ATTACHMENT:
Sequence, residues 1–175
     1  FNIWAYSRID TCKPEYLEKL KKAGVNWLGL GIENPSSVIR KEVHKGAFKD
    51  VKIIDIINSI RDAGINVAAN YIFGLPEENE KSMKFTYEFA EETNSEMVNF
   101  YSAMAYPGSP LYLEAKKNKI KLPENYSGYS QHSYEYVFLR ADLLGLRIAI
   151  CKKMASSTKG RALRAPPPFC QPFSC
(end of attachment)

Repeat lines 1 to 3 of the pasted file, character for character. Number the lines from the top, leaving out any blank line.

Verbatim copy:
Sequence, residues 1–175
     1  FNIWAYSRID TCKPEYLEKL KKAGVNWLGL GIENPSSVIR KEVHKGAFKD
    51  VKIIDIINSI RDAGINVAAN YIFGLPEENE KSMKFTYEFA EETNSEMVNF